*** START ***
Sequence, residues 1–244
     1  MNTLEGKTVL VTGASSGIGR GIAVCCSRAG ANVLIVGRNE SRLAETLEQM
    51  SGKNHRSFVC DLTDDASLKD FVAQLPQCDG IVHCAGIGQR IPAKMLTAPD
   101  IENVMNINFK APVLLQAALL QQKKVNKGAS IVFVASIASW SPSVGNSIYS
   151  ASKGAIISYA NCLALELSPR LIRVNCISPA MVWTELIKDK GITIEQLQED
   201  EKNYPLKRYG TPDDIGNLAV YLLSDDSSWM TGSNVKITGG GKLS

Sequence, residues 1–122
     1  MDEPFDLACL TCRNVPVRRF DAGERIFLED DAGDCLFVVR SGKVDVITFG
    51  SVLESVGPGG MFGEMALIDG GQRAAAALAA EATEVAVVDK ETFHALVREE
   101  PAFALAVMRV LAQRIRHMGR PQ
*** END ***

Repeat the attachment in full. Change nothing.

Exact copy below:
Sequence, residues 1–244
     1  MNTLEGKTVL VTGASSGIGR GIAVCCSRAG ANVLIVGRNE SRLAETLEQM
    51  SGKNHRSFVC DLTDDASLKD FVAQLPQCDG IVHCAGIGQR IPAKMLTAPD
   101  IENVMNINFK APVLLQAALL QQKKVNKGAS IVFVASIASW SPSVGNSIYS
   151  ASKGAIISYA NCLALELSPR LIRVNCISPA MVWTELIKDK GITIEQLQED
   201  EKNYPLKRYG TPDDIGNLAV YLLSDDSSWM TGSNVKITGG GKLS

Sequence, residues 1–122
     1  MDEPFDLACL TCRNVPVRRF DAGERIFLED DAGDCLFVVR SGKVDVITFG
    51  SVLESVGPGG MFGEMALIDG GQRAAAALAA EATEVAVVDK ETFHALVREE
   101  PAFALAVMRV LAQRIRHMGR PQ